The Khan's eyes raised in surprise at the peculiar booming noise and the flash of light from the Skot-tish flank, and then the world had turned into a blur and the wind was knocked from him as he smashed into the sand and lay dazed amongst screaming men and horses, felled by some dread magic of the Skot-tish from across the length of the battlefield.
"Thank ye, Father," whispered Domnall gratefully, closing his eyes with relief. Edmund Canmore's engineers and alchemists had come to him several months before his death to tell him of their work with a mysterious substance called "gunpowder" and their belief they could turn it into a long range weapon of war like the trebuchet, but as mobile as an infantry unit. Edmund had kept the weapon's creation under wraps while it was developed further, and now it had been revealed for the first time on the battlefield and used to magnificent effect, crashing into the charging bodyguard of the Mongol Khan and decimating it.
"Bu... but I'm the son of Genghis Khan," gasped Chaghatai as he struggled to move his unresponding limbs, the last words he would ever say.
One could not help but think that if Genghis Khan was still alive, he would have been relieved.
"NOW LADS! CHARGE!" roared Domnall,"SHOW THEM WHAT MAKES SCOTLAND GREAT!"
His men charged forward with a roar into the faltered Mongol vanguard, the archers trying desperately to pull back to open fire on the heavily armored, slower moving Scottish infantry.
Orda - Khan now in all but name - watched as Chaghatai's men were slaughtered by the Scottish, and then surprised his men by roaring with laughter. He turned and cast a challenging look at his men, who lowered their eyes immediately, and that made him laugh more.
"You wonder why I laugh as our men are slaughtered by the Skot-tish?" he asked,"THAT is why!"
He pointed into the South, where a rising dust cloud could be seen rumbling closer. Orda laughed again, ordering his men to move forward so they met between the Skot-tish and the dustcloud. Berkei had arrived just in time, and now he and the other deadly Warlord could mop up after Chaghatai's mess and destroy the Skot-tish.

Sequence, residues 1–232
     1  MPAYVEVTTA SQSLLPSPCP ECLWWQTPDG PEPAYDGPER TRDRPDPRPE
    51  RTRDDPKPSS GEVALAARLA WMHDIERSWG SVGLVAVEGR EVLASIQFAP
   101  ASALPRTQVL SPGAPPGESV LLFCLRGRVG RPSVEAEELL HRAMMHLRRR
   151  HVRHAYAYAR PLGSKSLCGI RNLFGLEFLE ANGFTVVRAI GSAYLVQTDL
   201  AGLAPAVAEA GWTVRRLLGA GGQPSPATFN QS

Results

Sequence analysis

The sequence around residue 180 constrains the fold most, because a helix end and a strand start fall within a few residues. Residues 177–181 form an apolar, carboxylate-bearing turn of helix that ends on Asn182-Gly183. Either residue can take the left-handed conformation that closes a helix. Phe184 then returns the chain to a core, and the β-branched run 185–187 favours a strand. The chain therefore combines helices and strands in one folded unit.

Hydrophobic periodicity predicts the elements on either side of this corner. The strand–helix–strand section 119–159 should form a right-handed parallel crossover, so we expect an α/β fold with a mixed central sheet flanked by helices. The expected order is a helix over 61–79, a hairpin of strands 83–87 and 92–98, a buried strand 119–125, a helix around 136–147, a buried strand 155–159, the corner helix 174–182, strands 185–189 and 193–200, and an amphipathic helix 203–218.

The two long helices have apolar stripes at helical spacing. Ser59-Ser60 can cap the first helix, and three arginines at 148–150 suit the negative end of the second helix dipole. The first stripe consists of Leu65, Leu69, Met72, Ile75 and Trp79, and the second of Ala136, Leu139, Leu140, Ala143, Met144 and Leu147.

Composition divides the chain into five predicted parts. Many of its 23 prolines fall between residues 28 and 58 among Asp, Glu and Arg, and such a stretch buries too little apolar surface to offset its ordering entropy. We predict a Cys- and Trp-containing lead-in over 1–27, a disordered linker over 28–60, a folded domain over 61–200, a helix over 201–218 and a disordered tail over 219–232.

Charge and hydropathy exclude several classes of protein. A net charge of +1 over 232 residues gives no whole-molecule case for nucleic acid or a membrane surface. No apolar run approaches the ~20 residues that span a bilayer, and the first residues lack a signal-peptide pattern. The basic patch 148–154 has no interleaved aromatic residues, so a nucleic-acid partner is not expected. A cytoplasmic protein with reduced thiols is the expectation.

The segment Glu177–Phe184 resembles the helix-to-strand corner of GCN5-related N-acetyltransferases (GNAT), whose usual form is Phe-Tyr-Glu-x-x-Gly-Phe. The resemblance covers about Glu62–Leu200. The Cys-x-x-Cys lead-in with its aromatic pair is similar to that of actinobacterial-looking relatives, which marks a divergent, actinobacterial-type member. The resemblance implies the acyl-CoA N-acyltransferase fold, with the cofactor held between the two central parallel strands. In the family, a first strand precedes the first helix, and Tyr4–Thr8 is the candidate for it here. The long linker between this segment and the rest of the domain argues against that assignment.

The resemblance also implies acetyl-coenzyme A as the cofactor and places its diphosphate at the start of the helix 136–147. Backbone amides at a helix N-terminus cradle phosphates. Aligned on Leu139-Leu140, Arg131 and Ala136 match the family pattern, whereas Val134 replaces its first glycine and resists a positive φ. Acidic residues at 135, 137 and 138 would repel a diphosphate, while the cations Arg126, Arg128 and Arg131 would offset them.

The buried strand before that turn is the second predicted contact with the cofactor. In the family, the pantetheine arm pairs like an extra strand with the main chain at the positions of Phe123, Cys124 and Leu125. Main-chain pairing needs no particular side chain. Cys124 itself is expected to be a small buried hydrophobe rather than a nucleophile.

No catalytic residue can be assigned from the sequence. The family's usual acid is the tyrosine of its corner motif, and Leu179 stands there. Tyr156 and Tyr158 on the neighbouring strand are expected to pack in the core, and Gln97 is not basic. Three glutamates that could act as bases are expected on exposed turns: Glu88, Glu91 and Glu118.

The charged forward, ignoring Chaghatai's dead and dying Mongols as they moved into position. Already, Orda could see Berkei's trebuchets towering up through the dust, and he relished the idea of sending flaming balls of fire directly into the Skot-tish.
As Chaghatai's Mongols were broken down into small pockets of resistance against Domnall's men, the greater bulk of the Scottish force turned to face Orda's Mongols moving up on their left flank. Domnall had brought surprisingly few archers, who fired flaming arrows at the gathering Horde, and Orda ordered his own considerable archers to rain death down on his enemies.
Behind him, he could hear the thunder of Berkei's forces approaching, and he felt exhilaration coursing through his veins. This novice Domnall was little better than Chaghatai, once the surprise of his strange new weapon had been revealed, he had nothing else to offer to suggest the Skot-tish could defeat the Mongols in a battle of equal forces in open desert warfare. The thunder of Berkei's men was almost overshadowing the clash of Skot-tish and Orda's Mongols now, and he turned with a grin to watch the breathtaking sight of the unstoppable charge of the Mongol Horde.
And his mouth dropped open in horror.
"For Duncan Broune," grunted Rory Randall, his hard eyes unrecognizable from the carefree glint that had been in them before this "adventure" had started.
"Aye," nodded Dougall Inchmertyn, who had ridden his men north to intercept Berkei's army, losing a full third of his army in the decimation of Berkei army, which at 900 strong had been only half the size of Dougall's. The Mongol Warlord had fought ferociously and come close to driving back Dougall's forces multiple times, but in the end the Scottish had prevailed, and then ridden hard north once more to come up on the Mongols. To Dougall's surprise and delight, Orda's forces had been exactly where he'd been told they would be, having remarkably deliberately placed themselves between Dougall's men and Domnall's. Now the Mongols would be unable to use their preferred method of open, ranged desert warfare and would have to close and engage with the Scottish.
And that was a war the Mongols could not win.
Orda roared with fury as he realized the trap he'd been caught in, and his eyes narrowed as he saw Domnall's banner, the Kanmor Khan riding his men through those Mongol Archers that had managed to keep their distance and fire on the Skot-tish infantry.
"THE KANMOR KHAN! THE DOMNALL KHAN!" screamed Orda, pointing towards the man,"FORGET ALL ELSE BUT HIM! RIDE! RIDE AND KILL HIM IF YOU ARE MEN! I WILL NOT LET HIM ENJOY THE FRUITS OF VICTORY!"